Have you ever seen how the baggage handlers treat those suitcases? It’s like they wanted to take all their pent-up rage out on my final cookie. That poor cookie was smashed into oblivion in the outer pocket of my suitcase. Its fragile plastic container did nothing to help. The cookie was mashed into the fabric of my luggage — little crumbles of cake and frosting that had turned into a delicious, light brown paste. It was not a dignified ending for the cookie.

 

New York City-Style:

Name: Black and White cookie.

Cookie base: A slightly lemon-flavored cake.

Frosting: Fondant-based. Thin, smooth, shiny, and glossy. A little waxy. No strong flavors of vanilla or chocolate. The frosting sometimes wraps around the edges of the cookie.

Favorite places to buy: Full disclosure: I don’t like these. But NYC people seem to think the best of the best come from Glaser’s Bake Shop on the Upper East Side (I notice that Glaser’s at least gets the frosting right). People also seem to like the cookies from The Donut Pub and from William Greenberg Desserts (and OPRAH LIKES THESE! OH MY GOD!!!!! OPRAH!!!!!!!!!!! Oh wait, that’s not Oprah, that’s Gayle). There’s even a guy who has selflessly dedicated his life to eating and reviewing Black and White cookies.

To bake: The New York Times has the definitive recipe, along with everything you’ve ever wanted to know about Black and White Seinfeld references. A Cook Grows in Brooklyn has a modern photo-essay recipe that looks pretty.

 

A Half Moon cookie should ALWAYS be:

  • Bought in a bakery.
  • Soft and luscious.
  • Wrapped in cling wrap. That cake base gets stale fast.
  • Frosted on the bottom of cookie, not the top.

A Half Moon cookie should NEVER be:

  • Hard.
  • Frosted with a substance that can’t be dented.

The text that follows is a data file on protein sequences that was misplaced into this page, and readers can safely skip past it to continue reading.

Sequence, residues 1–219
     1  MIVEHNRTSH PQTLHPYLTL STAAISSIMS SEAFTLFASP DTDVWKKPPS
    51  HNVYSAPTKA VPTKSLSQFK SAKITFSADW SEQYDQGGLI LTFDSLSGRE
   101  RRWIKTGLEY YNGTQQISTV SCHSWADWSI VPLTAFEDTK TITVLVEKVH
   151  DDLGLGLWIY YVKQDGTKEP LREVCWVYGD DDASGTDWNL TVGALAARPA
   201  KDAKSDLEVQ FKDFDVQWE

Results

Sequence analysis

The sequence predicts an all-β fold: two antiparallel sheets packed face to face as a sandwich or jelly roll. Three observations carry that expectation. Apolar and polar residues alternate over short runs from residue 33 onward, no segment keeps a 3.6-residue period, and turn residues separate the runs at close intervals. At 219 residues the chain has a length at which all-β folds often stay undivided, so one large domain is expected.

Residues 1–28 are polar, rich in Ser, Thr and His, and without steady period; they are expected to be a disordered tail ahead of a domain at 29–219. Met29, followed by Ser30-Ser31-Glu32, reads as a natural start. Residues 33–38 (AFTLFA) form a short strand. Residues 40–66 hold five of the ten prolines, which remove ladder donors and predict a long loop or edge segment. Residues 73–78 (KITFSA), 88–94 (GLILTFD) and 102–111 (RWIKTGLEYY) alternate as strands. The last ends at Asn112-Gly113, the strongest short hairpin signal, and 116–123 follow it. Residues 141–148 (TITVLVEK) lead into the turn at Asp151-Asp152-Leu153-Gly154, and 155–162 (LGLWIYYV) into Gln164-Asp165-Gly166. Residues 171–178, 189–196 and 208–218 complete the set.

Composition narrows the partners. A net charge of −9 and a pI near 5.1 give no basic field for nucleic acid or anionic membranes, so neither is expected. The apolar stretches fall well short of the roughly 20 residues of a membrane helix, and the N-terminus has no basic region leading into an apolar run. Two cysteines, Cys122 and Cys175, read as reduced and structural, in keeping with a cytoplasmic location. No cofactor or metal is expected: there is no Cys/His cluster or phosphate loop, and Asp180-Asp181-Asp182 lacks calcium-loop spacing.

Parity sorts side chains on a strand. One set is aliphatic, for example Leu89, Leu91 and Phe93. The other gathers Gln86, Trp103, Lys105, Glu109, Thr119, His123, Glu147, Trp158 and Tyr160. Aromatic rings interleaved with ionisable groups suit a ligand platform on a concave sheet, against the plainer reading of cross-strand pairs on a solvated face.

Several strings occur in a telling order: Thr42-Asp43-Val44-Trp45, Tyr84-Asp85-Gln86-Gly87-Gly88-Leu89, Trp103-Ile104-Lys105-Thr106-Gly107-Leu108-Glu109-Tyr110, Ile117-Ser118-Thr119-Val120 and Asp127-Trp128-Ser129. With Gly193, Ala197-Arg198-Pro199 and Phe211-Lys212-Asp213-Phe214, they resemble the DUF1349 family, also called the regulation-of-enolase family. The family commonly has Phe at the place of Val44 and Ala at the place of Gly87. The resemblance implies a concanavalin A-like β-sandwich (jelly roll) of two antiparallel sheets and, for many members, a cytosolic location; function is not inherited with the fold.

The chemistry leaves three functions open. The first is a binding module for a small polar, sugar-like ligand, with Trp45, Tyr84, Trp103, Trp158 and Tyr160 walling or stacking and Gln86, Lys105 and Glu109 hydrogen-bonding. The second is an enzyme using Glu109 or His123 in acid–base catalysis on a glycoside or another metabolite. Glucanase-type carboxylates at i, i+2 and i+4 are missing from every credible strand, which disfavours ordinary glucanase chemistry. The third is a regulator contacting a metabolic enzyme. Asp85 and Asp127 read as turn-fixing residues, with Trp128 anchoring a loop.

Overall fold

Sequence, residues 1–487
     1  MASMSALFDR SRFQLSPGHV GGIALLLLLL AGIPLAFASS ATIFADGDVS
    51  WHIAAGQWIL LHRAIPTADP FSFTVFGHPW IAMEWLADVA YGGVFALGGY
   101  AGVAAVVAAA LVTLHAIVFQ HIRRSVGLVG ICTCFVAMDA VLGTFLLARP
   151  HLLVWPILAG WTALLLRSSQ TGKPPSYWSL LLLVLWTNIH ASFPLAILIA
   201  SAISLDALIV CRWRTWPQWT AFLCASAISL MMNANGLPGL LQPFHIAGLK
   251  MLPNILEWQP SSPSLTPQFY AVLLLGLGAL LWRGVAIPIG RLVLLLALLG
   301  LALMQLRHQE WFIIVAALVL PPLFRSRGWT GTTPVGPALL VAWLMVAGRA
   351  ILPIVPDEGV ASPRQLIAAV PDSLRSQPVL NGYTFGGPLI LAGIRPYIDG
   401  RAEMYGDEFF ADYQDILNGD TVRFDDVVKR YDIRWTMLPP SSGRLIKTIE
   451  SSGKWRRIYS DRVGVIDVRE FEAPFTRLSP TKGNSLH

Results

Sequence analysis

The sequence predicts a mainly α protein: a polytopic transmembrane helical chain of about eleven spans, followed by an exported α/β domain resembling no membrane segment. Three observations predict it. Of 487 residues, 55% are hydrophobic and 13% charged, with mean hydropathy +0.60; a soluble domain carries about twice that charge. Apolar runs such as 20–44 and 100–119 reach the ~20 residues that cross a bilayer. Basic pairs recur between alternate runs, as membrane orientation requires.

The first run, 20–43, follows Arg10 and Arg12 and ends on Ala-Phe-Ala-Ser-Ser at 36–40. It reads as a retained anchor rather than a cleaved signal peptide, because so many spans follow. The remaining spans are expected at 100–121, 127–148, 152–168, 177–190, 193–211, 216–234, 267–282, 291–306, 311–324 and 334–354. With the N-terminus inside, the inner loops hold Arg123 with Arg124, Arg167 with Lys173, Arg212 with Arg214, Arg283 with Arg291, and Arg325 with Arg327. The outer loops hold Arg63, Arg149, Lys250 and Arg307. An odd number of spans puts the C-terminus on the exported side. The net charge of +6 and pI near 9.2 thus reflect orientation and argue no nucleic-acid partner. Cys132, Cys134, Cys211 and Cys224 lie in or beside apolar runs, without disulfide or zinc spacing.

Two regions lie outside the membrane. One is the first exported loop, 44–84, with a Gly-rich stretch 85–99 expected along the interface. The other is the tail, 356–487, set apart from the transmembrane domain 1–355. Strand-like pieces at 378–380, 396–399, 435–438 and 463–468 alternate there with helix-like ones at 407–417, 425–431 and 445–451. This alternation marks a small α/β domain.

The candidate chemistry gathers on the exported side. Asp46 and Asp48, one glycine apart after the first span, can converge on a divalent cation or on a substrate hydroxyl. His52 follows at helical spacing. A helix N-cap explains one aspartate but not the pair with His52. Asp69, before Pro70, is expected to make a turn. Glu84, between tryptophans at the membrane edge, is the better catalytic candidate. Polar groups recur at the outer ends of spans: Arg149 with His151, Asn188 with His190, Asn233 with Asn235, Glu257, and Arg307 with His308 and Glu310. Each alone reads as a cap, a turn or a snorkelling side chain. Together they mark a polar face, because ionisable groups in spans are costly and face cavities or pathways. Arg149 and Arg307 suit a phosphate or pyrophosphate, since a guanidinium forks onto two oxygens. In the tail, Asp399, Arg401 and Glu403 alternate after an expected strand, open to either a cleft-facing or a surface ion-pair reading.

• Crunchy.
  • Bought in a grocery store.
  • Shrink-wrapped/hermetically sealed.

Not in Upstate NY, NYC, or New England? Not to fear, you can order a dozen online…for $45!

Just in case I haven’t yet given you enough motivation to try a Half Moon, here are two scary pictures of me eating Half Moon cookies:

Wow, that's scary.

Wow, that’s scary.

This one should be accompanied by some insane laughter.

This one should be accompanied by some insane laughter.

Where did you find your favorite Half Moon cookie? Do you prefer the Upstate or the NYC-style? Leave a note in the comments.

  • Marie

    Molly O’Neill’s “New York Cookbook” re-creates the Zabar’s recipe, which many people consider the gold standard of NYC-style black and white cookies. But this is such a childhood thing — I’ve been in “half moon” country way longer than I was in black and white territory, but even the North End’s finest specimens seem slightly wrong to me. If you’re inclined to do more research, I’d suggest taste-testing that involves old-school neighborhood bakeries (German-Jewish, Irish, or Italian) beyond Manhattan. You know, for science!